Happiness Science: Evidence-based guidance for the universal human quest (2022.10.19; via Zoom)

CBT Canada
Meeting Description: 

Happiness is the meaning and purpose of life—
the whole aim and end of human existence.

~ Aristotle

The pursuit of happiness has long been considered an "art". But today, the universal human quest can also be guided by a substantial science. Each year, over 1,000 academic papers are published in the compelling field of “positive psychology”.

The Happiness Science (HapSci) module begins with a short discussion of definitions and measurements. We then review the leading misconceptions about happiness, many of which are very widespread and very pernicious.

Our journey then arrives at the influential tome known as the "Un-DSM”, an 800 page, 3.49 pound ganglion-popper. We conclude our introduction with a survey of select World Happiness Reports. In addition to ranking countries, the influential United Nations publication includes some fascinating special features.

We continue to the core of Happiness Science: a lively exploration of over a dozen happiness-critical topics. As always, we prioritize the proven and practical:

  • Awe is now backed by a significant (dare we say awesome?) literature. How do we define that “expansive” emotion, how do we enhance it, and what are its spillover impacts?
  • Careerdecisions are profound for our young, but how do we guide them? Here we explore the influential Ikigai model.
  • Experiences make us happier than material possessions—or so goes the common wisdom. Although science is still largely onside, recent reports have revealed some complexities.
  • Fun isn't only for children—unless your quest is unsuccessful aging. We have several delightful RCTs on "fun prescriptions". What did they reveal?
  • Gratitude, in the words of Samuel Johnson, is “a fruit of great cultivation”. Thankfully, we now have a solid science—along with some specific recommendations—on how to get gratitude's juicy fruit.
  • Humour is funny: We know we'd benefit from maintaining a better sense of humour, but few of us put in the effort. There's a literature here, one both amusing and prescriptive.
  • Income relates to happiness, but only to a point—or so we’ve been told. Unfortunately, the influential “Easterlin paradox” has recently been called into question.
  • Mind-expanding drugs are back. Many butchers, bakers, and candlestick makers now swear by their morning microdose of LSD in their orange juice. But didn’t we see this colorful movie before—starring Leary & Alpert—and didn't it end badly? Is it truly different this time? What does the current science say?
  • Optimism sounds terrific, but most people are pessimistic about their ability to cultivate it. Bad news: the literature doesn't look good for those attached to their pessimism.
  • Pets make many people happier, but most pets also poop. We review the implications of the key studies from the major pet therapy journals.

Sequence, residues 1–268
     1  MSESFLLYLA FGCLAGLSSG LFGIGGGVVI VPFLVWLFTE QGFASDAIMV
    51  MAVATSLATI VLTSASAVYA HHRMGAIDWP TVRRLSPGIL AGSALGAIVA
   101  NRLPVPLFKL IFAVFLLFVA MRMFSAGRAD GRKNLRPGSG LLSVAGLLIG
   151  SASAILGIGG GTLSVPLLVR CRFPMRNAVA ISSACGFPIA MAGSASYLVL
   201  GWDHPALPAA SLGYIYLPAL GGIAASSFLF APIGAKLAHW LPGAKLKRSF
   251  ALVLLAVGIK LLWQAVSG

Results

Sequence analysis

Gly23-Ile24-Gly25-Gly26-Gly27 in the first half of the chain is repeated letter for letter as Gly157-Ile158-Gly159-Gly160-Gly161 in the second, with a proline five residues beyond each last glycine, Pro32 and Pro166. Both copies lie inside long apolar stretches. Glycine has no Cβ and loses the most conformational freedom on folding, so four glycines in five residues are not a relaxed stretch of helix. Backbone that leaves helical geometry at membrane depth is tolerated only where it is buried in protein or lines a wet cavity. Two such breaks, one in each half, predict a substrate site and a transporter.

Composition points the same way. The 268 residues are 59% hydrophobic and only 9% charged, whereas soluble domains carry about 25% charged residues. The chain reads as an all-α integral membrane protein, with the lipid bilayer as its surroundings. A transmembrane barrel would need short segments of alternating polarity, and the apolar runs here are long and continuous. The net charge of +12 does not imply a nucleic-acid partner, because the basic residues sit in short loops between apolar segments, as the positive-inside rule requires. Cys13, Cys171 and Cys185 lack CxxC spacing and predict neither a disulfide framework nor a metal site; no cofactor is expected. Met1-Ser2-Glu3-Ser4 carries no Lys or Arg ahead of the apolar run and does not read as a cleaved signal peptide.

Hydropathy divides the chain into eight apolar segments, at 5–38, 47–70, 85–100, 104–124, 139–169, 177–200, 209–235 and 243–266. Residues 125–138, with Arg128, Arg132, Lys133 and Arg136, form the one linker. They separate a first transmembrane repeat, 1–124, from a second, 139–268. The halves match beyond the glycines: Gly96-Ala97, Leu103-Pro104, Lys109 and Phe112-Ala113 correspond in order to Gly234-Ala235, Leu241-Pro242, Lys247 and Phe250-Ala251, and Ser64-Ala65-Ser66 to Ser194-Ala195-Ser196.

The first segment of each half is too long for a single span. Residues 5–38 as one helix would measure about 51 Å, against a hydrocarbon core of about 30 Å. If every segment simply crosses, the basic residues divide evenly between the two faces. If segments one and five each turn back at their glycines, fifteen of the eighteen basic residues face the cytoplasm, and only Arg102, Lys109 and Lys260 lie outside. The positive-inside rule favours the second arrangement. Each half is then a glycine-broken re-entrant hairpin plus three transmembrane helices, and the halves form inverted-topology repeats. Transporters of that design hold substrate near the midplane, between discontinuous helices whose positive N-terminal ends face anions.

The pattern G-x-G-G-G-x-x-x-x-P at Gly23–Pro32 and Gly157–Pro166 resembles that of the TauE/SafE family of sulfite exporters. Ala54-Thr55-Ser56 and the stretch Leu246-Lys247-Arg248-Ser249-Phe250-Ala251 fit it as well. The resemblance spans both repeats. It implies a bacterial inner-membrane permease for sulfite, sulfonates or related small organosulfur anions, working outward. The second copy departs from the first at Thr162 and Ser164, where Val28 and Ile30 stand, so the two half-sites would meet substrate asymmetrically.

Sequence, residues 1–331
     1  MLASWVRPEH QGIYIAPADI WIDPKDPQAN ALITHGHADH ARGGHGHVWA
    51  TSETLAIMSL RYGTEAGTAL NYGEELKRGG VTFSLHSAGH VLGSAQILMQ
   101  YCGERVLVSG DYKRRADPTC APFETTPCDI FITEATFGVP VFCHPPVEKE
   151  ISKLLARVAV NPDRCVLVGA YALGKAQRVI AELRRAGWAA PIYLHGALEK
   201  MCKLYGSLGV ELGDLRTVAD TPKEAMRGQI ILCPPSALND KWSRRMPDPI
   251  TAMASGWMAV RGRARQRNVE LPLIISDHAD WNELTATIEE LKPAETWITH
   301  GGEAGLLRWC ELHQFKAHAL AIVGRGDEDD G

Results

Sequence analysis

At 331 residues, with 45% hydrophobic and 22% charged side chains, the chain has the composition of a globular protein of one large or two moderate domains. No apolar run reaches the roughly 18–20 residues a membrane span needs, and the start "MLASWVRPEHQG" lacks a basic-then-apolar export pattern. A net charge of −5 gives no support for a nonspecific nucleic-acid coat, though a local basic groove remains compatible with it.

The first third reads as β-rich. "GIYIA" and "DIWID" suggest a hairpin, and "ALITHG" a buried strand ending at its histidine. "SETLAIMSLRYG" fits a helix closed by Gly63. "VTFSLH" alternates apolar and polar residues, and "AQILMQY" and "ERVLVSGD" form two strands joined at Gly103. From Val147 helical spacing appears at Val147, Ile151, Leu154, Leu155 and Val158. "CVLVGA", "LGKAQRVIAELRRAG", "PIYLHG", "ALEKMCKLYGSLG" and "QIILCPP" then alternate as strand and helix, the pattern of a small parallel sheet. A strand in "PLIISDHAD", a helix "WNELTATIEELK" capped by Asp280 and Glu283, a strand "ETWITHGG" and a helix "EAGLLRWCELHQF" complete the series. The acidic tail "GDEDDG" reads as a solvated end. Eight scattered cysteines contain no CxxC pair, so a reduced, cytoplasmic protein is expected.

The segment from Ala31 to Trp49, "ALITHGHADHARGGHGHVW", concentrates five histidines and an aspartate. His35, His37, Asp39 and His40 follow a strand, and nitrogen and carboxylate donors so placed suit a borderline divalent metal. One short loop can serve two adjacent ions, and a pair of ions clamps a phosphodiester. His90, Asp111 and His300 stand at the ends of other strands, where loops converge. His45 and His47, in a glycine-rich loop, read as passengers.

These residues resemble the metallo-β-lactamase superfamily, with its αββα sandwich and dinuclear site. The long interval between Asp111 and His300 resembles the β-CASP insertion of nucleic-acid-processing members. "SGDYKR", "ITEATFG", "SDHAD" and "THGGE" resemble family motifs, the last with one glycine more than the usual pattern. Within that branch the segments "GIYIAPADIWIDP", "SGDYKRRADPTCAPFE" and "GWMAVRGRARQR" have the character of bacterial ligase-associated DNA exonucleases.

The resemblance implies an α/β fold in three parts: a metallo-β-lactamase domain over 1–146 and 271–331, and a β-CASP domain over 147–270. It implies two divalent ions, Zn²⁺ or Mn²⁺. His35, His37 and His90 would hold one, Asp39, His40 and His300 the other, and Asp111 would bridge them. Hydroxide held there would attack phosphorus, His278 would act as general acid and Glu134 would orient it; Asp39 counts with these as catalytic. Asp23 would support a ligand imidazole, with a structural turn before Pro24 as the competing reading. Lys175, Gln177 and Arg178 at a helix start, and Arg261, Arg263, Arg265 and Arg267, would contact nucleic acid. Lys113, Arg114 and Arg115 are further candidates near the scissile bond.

• Play isn’t what it used to be, and now we're all paying the price. We review the literature on unstructured childhood play in human development and adult well-being.
  • Resilience has a literature that refuses to die (if anything, it continues to expand). We review the most timeless tips.
  • Savouring refers to our ability to be present and to experience more deeply the pleasures of a given moment. As you may have heard, most pleasures in life are fleeting. As such, savouring is a skill the prudent person sensibly seeks to supercharge. But how?
  • Self-actualization, as defined by Abraham Maslow, is the full realization of one’s potential. What's the scientific status of Maslow's enticing construct?
  • Shirin-roku, when translated literally from Japanese, means "forest bathing". We summarize the blossoming "nature therapy" literature with a deep inhalation (of the lovely scent of pine).

Happiness Science is our most upbeat and broadly-applicable module. Please join us for this extremely positive CME!

Accreditation is three-credits-per-hour by the College of Family Physicians of Canada*. The workshop is 3.0 hours in length, for 9.0 Mainpro+ credits. The Royal College accepts Mainpro+ credits as equivalent (1:1) to MOC credits for Section 1 (i.e., Group Learning). As such, this 3.0 hour, three-credits-per-hour module counts for 9.0 credits in MAINPORT.

Head instructor Greg Dubord, MD is the CME Director of CBT Canada, and the prime developer of medical CBT. He has presented over 500 workshops, including over 50 for the College of Family Physicians of Canada, and is a University of Toronto CME Teacher of the Year.


*American Academy of Family Physicians (AAFP) members are eligible to receive up to 9.0 Prescribed credit hours for attendance at CBT Canada's 3.0 hour (/9.0 Mainpro+ credit) workshops due to a reciprocal agreement with the College of Family Physicians (AAFP, 2016).

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Family Medicine
Family Medicine/Preventative Medicine
Family Practice
General Practice
General Preventive Medicine
Psychiatry/Family Medicine
Physician MD
Physician DO
Nurse Practitioner
Registered Nurse
Medical Student
Event Venue: 
virtual (via Zoom)
Canada (Show on map)
Greg Dubord, MD
Number of Credits: 
AMA/CME Credits: 
Contact Name: 
CBT Canada
Email Address: 
Event Website: 
Start Date: 
12:00 PM
Finish Date: 
3:30 PM
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